5.  Ask students to periodically blog answers to Big Questions posed by teachers.  These are generally questions about huge themes that come up in literature and/or asking students to relate their lives and thoughts to their characters and books.

6.  Have students collaborate (in teams) to build vocabulary banks and share with the class.  It’s been great to see a larger diversity in the vocabulary they are sharing because the words are drawn from such diverse texts!

7.  Engage in a global conversation via .  We’re planning to put the question out to the world:  “What is your favourite novel?”  We would like to compile a list of international suggestions for the boys to consider as future reads, as well as having a dialogue about the differences and similarities in their reading to other students around the world.  (Extension) Those who finish their novels in good time can read one from the international recommendations list.  Then they can do some comparing of the two books and engage in a conversation.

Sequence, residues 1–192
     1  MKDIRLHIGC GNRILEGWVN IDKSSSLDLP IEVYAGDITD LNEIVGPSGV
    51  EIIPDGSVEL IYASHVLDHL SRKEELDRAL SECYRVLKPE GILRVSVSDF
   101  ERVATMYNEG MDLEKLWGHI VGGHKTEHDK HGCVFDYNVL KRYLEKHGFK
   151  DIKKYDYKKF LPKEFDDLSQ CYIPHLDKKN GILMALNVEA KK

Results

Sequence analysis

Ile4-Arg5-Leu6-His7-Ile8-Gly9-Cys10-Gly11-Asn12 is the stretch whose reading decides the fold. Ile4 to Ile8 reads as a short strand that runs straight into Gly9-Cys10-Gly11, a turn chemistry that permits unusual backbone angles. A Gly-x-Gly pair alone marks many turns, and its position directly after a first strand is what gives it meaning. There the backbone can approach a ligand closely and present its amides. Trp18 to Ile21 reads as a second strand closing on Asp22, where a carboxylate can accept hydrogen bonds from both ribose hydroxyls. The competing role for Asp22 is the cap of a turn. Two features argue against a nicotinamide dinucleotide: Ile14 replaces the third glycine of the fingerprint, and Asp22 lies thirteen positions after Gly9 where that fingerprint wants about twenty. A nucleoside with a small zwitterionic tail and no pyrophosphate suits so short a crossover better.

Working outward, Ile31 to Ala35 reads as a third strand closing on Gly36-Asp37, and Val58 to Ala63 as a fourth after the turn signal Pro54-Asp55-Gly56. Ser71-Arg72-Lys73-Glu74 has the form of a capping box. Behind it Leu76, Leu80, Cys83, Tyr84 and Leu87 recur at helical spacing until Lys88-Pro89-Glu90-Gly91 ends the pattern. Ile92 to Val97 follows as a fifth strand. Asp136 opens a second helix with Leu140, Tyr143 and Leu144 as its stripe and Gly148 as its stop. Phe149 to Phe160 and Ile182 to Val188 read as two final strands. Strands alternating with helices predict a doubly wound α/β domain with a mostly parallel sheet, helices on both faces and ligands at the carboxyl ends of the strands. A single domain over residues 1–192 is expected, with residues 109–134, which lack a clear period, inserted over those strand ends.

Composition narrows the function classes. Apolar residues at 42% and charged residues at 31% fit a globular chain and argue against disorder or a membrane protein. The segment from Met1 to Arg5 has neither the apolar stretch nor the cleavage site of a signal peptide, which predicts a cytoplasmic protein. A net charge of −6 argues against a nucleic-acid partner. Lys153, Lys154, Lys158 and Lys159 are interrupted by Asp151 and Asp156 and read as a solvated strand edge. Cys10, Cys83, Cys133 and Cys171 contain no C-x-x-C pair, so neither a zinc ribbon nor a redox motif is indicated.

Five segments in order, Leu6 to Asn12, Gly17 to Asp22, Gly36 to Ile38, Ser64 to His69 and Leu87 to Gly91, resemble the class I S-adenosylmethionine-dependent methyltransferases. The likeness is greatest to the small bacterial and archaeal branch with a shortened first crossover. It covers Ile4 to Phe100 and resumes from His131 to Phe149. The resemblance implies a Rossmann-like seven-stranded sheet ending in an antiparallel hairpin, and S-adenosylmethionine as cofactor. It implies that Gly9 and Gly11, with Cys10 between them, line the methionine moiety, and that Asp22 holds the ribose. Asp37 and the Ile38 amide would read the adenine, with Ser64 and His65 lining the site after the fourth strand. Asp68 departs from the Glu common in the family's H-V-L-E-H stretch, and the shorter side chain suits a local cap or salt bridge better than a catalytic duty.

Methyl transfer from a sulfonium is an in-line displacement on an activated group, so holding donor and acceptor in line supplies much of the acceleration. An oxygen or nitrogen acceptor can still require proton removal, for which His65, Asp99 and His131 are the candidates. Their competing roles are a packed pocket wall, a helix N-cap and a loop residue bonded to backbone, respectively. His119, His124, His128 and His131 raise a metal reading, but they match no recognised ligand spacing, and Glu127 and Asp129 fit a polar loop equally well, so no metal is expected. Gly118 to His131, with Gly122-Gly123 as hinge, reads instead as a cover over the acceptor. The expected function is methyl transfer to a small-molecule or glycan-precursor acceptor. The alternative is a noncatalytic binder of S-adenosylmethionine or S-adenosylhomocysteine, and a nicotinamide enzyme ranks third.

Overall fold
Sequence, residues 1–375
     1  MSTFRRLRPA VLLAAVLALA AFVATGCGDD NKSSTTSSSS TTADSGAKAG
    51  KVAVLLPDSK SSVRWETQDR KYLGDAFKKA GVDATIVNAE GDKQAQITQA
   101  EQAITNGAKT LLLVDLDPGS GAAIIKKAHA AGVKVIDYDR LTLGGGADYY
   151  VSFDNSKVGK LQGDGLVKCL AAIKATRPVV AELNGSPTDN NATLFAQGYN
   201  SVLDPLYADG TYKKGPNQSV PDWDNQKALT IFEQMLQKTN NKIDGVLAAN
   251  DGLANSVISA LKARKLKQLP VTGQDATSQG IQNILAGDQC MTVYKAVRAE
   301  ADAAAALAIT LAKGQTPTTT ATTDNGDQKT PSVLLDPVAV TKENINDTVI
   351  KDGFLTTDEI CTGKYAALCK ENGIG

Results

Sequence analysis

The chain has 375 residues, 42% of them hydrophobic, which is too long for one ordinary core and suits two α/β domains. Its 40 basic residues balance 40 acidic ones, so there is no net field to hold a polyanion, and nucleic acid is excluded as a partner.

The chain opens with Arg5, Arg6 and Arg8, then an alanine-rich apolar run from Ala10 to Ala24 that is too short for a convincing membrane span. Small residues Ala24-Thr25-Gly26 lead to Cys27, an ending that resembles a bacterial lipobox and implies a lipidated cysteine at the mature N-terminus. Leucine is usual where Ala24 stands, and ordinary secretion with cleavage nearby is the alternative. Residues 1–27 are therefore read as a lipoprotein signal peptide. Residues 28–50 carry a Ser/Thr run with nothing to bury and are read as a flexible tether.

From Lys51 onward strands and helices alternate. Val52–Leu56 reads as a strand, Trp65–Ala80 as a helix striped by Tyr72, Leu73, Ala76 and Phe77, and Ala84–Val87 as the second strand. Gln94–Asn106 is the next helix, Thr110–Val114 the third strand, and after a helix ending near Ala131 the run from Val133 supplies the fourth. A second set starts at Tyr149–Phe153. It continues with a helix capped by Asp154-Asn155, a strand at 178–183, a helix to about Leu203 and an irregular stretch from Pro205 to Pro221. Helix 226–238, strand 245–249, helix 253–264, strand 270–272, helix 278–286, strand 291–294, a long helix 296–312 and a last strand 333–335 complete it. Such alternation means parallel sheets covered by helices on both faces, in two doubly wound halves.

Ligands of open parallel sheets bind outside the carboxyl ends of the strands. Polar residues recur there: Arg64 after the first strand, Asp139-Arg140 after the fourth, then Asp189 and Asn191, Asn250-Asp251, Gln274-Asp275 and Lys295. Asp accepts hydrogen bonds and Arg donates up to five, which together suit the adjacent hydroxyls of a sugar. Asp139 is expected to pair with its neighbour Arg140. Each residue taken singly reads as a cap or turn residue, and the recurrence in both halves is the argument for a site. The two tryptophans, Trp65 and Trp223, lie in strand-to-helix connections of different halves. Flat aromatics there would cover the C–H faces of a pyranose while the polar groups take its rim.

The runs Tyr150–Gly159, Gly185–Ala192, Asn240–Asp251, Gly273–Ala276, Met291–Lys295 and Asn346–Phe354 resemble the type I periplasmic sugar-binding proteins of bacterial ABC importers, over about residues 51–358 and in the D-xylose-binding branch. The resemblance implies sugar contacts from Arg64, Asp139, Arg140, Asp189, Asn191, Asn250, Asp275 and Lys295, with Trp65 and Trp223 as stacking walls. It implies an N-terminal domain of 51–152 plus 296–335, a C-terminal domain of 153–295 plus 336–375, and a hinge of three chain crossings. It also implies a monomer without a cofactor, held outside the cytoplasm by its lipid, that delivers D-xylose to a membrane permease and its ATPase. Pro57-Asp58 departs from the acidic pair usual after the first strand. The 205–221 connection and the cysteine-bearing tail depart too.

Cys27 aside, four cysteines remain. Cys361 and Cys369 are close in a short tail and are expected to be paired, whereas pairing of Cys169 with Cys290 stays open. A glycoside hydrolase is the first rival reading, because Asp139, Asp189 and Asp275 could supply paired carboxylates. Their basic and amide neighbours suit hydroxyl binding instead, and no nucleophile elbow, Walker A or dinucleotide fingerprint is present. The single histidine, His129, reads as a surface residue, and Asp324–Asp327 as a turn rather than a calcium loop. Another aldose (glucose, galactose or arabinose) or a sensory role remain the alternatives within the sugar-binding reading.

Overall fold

8.  (Design Thinking) Students will be given a challenge to solve the problem of how does a grade 7 choose a good book?  How do they get good recommendations?  I am planning to do some of the design process with them to clarify the problem and work through solutions.  It should be an exciting way to finish a modern-style novel study.  The products of their work can then be used by library staff in the future and/or used in the Middle School.

Result?  Hopefully a spicy and original adventure in Language Arts that inspires the boys to read for fun.

5 thoughts on “Action Recipe

  1. Melissa,